Factors affecting the survival, growth and success of small, medium and micro agribusinesses in KwaZulu-Natal.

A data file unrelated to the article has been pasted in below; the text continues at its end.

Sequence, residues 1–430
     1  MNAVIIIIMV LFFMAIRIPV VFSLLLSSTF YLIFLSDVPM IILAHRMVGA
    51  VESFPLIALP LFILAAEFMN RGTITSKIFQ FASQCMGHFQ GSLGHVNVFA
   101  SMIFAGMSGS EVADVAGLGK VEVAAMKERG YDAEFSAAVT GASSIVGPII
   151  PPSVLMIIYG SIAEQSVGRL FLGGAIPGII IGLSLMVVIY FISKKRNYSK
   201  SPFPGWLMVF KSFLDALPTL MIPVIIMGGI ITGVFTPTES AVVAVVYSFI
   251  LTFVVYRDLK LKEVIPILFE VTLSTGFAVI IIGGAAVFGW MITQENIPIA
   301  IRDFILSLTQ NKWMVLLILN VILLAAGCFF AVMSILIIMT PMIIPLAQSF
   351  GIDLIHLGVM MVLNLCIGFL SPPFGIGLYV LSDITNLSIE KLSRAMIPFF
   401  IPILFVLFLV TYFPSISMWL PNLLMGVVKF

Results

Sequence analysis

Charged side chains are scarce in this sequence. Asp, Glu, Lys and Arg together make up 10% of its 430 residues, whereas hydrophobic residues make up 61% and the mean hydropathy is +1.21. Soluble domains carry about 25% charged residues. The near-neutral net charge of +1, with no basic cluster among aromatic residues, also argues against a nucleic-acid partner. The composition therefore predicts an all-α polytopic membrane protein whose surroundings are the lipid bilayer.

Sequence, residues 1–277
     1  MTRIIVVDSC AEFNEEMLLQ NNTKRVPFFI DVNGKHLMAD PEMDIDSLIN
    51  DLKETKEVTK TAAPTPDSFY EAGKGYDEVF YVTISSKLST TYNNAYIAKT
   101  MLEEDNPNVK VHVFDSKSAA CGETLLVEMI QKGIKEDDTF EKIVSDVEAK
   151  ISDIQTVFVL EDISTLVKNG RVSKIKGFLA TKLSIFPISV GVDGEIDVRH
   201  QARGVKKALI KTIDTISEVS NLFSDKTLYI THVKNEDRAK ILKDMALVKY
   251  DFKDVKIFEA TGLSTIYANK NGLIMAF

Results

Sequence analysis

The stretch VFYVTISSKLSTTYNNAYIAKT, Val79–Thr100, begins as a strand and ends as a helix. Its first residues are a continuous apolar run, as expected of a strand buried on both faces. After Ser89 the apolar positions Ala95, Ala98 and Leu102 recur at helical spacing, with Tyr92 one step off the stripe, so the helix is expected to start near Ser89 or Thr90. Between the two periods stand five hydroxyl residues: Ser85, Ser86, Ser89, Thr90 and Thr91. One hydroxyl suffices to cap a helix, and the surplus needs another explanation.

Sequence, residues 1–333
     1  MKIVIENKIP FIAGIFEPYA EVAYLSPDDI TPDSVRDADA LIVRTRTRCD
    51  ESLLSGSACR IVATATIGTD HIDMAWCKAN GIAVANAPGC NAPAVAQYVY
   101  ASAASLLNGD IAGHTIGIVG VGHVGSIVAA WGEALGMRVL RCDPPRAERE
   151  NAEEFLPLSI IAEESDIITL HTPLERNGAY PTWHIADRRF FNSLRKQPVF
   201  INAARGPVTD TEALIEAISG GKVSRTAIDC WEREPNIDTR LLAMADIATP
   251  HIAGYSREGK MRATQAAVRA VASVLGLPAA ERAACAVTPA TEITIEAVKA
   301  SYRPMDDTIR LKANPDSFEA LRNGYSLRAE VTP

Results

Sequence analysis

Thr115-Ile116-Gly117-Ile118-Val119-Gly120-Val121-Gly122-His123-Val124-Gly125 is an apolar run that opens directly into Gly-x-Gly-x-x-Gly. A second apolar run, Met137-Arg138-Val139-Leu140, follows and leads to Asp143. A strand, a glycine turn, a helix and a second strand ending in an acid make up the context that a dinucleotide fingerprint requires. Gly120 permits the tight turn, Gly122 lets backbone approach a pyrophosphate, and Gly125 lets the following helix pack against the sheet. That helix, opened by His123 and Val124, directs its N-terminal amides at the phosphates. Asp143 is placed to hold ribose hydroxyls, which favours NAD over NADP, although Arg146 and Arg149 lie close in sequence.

The sustained growth of small, medium and micro enterprises (SMMEs) could help to reduce poverty, income inequality and unemployment problems in KwaZulu-Natal (KZN). Public and private sector institutions can identify policies and strategies to, increase the survival and growth rates of SMMEs if they have more information about the factors that constrain business performance, and the link between entrepreneurial quality and enterprise success. The owners of 44 agribusiness SMMEs in a stratified random sample of Ithala Development Finance Corporation (Ithala) clients in KZN were, therefore, surveyed during October 2003-February 2004 to identify what they perceive are constraints on business survival and growth, and how entrepreneurial quality affects business success (using loan repayment performance at Ithala as a proxy for success). Principal Component Analysis of 36 potential constraints ranked by the survey respondents identified eight dimensions of perceived constraints: A lack of access to services; funding constraints at enterprise start-up; a lack of management capacity in the enterprise; access to tender contracts; compliance costs associated with VAT and labour legislation; liquidity stress; a lack of collateral, and a lack of institutional (government and private sector) support. A lack of collateral and access to services seemed to affect the Retailer stratum relatively more, while Speculators considered lack of capital at start-up to be their major constraint. Harvester contractors and Processors seemed to be most affected by compliance costs, while Processors were especially prone to liquidity stress. Possible solutions to ease these constraints include the provision of appropriate infrastructure and training, development of innovative loan products to address cash flow and collateral issues, more transparent tendering processes, and policies to reduce the costs of compliance with legislation. An empirical logit model showed that strong energizer behaviours (current and planned business expansion and staff training) that reflect entrepreneurial quality, more business experience, and family assistance to become an entrepreneur, promote loan repayment (success), while a lack of access to electricity and training facilities increase the probability of loan default. This suggests that more focus on the personal characteristics of credit applicants and (again) the development of appropriate infrastructure and training services could help to promote the future success of agribusiness SMMEs in KZN.
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